4 Things You Didn't Know About Oral Sex
The truth about oral sex, from cancer risk to what teens say about it.
3. Unprotected oral sex is common, but has risks.
Several sexually transmitted diseases (STDs), including HIV, herpes, syphilis, gonorrhea, HPV, and viral hepatitis can be passed on through oral sex.
"Oral sex is not safe sex," says Terri Warren, RN, owner of Westover Heights Clinic in Portland, Ore., a private clinic specializing in STDs. "It's safer sex, but it's definitely not safe sex."
The risks depend on a lot of different things, including how many sexual partners you have, your gender, and what particular oral sex acts you engage in.
Using barrier protection can reduce the risk of getting an STD. A barrier can be a condom covering the penis, or a plastic or latex "dental dam" placed over the vulva or anus. Instead of a prepackaged dental dam, a condom cut open to make a sheet is also an acceptable barrier.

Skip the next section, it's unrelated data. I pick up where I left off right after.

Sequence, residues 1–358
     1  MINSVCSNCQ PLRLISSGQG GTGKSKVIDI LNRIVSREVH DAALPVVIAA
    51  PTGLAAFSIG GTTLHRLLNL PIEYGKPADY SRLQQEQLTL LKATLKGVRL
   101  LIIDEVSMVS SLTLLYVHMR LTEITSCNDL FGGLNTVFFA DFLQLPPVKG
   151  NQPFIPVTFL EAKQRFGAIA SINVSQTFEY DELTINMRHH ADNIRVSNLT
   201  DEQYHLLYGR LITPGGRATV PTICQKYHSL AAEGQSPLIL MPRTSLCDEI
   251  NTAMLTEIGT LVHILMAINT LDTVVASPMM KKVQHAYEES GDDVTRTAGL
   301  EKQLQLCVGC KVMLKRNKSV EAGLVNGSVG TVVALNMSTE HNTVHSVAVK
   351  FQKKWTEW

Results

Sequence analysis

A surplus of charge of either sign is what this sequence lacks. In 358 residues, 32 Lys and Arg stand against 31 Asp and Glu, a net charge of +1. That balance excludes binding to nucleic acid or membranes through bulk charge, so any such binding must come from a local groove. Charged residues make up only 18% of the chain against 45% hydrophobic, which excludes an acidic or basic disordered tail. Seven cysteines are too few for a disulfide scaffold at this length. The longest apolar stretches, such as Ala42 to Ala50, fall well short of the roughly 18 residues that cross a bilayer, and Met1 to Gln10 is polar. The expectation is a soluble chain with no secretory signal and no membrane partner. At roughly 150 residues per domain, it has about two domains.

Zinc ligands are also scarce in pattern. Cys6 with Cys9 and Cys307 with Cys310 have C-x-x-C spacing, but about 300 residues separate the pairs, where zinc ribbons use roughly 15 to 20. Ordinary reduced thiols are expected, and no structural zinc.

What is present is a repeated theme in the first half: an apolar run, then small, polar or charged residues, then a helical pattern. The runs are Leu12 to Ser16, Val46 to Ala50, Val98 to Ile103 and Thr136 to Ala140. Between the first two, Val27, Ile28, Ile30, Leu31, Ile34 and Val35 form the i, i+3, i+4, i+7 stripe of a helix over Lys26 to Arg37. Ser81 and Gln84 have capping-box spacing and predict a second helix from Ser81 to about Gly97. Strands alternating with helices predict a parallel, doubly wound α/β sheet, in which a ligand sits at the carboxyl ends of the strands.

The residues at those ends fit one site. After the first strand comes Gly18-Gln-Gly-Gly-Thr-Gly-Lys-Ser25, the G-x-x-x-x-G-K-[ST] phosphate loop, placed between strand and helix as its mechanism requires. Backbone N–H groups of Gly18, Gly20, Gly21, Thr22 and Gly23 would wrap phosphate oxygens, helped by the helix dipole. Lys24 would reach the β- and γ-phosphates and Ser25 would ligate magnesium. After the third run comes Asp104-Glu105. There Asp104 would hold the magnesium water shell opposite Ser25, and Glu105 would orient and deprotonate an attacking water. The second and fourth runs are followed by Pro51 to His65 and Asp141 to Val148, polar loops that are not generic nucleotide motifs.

But most people don't use protection for oral sex. That's common wisdom, and it's also shown by large-scale surveys of sexually active teens and adults.
That's probably because many people don't know that STDs can be spread orally. Or if they do, they don't see the health risks as being very serious, Warren says.
The risks of getting an STD from unprotected oral sex are typically much lower than the risks posed by having unprotected vaginal or anal sex, Warren says.
Warren's advice about using barrier protection for oral sex depends on whom she's talking to. Typically, performing oral sex on a male partner without a condom is riskier than other forms of oral sex, she says.
For example, Warren says she might stress the importance of condom use for a man having oral sex with multiple male partners.
"If a male is giving oral sex to a woman, I consider that to be a low-risk exposure," Warren says. But if a woman's regular partner has oral herpes, "that's a whole different discussion," she says.
4. Oral sex is common among teens.
Many U.S. teens have oral sex before they have vaginal sex. And they don't view it as very risky, says Bonnie Halpern-Felsher, PhD, a pediatrics professor at the University of California, San Francisco.